Yancey Arias Describes a Slice of Latino Life

Actor stars in "America," a film challenging stereotypes with strong themes of violence, immigration, and politics

By Belinda Quesada
Published on LatinoLA: April 17, 2011

Yancey Arias Describes a Slice of Latino Life

Every now and again, a powerful Indie film artfully acknowledges Latino life and should not be ignored. In theaters now, having made its recent North American world premiere at the Cinequest Film Festival 21 in San Jos?®, California, the film "America" challenges Latino stereotypes with strong themes of violence, immigration, and politics.

Directed by Sonia Fritz and adopted from the book, "America's Dream" by Puerto Rican author Esmeralda Santiago. "America" is a bilingual film with a stellar cast of Hollywood veteran actors; Edward James Olmos, Rachel Ticotin, Lymari Nadal, Tony Plana, and Yancey Arias. Puerto Rican actress Lymari Nadal plays the lead role of 'America Gonzalez' convincingly. Her controlling and abusive boyfriend, 'Correa', is played with dangerous appeal by Yancey Arias.

The looming question is: Will our main character survive and be brave enough to leave everything she loves behind?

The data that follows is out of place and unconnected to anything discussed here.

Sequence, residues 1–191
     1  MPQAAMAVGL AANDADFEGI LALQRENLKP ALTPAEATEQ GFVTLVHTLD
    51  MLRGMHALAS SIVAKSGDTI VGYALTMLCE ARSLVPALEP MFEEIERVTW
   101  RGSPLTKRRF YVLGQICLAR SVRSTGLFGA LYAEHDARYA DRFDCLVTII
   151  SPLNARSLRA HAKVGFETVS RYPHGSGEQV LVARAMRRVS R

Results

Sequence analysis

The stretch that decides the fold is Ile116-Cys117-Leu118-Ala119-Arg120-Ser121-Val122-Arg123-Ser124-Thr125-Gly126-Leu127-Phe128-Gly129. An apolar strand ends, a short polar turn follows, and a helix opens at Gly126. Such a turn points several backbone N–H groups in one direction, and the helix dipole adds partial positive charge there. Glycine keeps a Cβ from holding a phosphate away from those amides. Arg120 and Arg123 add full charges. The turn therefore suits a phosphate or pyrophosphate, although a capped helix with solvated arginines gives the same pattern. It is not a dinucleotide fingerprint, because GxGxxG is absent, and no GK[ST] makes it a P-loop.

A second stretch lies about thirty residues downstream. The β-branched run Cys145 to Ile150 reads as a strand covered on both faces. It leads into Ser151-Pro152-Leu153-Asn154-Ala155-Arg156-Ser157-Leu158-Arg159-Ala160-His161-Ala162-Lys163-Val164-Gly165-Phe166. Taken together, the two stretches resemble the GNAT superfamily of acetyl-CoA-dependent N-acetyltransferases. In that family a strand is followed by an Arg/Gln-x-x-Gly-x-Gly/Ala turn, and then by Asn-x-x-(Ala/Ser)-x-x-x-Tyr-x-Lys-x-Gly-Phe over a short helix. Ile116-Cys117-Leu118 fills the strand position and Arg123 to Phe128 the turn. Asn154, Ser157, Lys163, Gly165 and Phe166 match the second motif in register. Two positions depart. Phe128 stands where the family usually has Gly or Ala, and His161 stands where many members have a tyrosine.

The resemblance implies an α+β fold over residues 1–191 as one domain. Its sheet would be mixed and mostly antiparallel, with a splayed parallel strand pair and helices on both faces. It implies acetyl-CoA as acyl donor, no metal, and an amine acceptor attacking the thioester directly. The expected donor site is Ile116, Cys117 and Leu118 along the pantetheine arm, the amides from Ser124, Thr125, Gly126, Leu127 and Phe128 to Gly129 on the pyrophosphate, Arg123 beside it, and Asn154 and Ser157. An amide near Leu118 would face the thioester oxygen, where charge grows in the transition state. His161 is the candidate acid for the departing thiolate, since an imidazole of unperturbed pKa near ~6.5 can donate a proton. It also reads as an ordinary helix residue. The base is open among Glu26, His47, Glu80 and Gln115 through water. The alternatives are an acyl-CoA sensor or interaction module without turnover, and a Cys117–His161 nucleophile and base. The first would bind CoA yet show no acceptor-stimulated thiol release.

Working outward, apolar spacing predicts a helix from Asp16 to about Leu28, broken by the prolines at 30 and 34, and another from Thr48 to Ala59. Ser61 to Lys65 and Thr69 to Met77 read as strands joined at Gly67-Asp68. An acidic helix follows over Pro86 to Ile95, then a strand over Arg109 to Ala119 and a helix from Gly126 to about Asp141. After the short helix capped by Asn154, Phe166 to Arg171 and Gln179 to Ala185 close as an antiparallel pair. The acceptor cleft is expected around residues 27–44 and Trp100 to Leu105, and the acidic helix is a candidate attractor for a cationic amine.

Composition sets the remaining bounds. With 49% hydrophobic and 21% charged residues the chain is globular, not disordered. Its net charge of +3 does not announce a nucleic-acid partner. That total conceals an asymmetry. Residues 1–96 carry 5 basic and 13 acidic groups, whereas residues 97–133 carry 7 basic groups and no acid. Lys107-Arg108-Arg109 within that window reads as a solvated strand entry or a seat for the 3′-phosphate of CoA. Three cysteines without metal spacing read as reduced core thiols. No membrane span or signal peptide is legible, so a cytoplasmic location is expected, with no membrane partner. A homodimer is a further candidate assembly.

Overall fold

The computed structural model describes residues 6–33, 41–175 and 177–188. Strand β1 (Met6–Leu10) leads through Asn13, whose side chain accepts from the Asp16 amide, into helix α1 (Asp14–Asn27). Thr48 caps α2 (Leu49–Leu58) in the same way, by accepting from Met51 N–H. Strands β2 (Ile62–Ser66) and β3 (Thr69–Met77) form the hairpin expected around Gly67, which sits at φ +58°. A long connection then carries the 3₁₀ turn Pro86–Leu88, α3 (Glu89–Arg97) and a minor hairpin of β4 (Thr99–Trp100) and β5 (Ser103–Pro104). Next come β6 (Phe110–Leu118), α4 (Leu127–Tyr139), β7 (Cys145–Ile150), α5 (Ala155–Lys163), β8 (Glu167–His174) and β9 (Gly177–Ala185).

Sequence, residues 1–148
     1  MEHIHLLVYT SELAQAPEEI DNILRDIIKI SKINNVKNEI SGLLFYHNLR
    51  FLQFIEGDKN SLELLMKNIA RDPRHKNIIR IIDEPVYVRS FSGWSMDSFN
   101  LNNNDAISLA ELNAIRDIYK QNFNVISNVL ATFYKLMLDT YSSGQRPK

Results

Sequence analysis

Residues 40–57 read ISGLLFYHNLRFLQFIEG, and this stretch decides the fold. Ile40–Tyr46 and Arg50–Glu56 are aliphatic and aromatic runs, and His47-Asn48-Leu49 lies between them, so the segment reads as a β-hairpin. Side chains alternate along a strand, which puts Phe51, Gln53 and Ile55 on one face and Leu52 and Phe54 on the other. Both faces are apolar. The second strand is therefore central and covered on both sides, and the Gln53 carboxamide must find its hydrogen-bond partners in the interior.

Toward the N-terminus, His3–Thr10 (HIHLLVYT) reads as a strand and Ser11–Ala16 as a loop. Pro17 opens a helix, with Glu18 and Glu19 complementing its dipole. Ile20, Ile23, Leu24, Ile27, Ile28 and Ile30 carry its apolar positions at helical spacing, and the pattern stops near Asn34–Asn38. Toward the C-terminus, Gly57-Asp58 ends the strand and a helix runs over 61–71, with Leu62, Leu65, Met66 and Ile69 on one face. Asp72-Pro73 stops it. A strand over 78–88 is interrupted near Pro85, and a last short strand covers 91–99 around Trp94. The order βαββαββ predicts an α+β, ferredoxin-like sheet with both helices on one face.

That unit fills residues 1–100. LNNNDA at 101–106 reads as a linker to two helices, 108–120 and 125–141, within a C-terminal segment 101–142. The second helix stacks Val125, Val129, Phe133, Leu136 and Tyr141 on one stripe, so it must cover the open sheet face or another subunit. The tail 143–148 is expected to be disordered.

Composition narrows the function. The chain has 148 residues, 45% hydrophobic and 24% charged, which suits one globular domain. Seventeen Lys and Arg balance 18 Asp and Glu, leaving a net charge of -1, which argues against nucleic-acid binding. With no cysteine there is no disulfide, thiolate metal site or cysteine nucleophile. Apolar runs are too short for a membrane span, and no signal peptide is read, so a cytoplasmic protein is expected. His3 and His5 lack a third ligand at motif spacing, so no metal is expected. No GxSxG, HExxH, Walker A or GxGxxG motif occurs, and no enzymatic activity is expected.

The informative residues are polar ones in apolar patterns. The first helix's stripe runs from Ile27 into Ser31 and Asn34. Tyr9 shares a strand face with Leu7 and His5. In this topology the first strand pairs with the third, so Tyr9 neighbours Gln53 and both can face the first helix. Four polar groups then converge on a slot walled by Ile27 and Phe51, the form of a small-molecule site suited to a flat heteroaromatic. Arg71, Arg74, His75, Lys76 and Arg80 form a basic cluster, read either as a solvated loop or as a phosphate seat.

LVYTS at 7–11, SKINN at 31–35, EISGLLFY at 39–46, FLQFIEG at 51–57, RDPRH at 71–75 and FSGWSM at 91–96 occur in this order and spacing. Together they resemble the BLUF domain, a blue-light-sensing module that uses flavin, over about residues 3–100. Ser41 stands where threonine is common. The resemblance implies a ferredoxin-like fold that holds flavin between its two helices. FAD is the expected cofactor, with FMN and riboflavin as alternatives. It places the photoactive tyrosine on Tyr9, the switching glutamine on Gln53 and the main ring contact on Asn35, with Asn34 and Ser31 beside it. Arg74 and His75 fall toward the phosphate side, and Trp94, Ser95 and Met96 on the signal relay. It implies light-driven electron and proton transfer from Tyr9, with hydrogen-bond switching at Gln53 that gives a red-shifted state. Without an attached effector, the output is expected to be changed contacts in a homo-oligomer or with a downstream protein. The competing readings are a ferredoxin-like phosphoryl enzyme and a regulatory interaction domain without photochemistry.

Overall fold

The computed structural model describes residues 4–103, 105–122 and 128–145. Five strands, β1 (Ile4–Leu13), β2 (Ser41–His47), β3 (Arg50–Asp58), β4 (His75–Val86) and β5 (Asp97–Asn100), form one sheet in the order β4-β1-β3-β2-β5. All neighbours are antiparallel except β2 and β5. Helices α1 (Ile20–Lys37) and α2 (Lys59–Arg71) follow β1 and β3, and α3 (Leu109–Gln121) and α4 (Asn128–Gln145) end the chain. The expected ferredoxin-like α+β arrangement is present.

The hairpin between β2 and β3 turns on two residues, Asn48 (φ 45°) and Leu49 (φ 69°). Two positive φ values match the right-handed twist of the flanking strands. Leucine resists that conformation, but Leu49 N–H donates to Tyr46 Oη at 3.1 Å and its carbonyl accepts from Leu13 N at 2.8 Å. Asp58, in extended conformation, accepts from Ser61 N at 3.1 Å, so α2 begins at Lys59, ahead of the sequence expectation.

Made with a modest three million-dollar budget and shot in 26 days, "America" is simultaneously a story of undocumented workers who live in fear of being deported and exploited by the very people that hire them. For some of the more than forty million undocumented workforce is the US., their freedom is illusive. It is precisely this issue of exploitation that makes this a powerful Indie film.

Ever wonder what goes on inside the mind of an actor when he decides to take an intense role like the abusive 'Correa'? For Yancey Arias, it was an opportunity to do what he loves best ~ educate and inform. An accomplished performer having acted in more than 50 roles on Broadway, television and film, he is no stranger to hard work. Last year, Arias wrote, directed and produced his first short, a comedy/drama, called 'Baby,' featuring his beautiful Brazilian wife, Anna Carolina Alvim.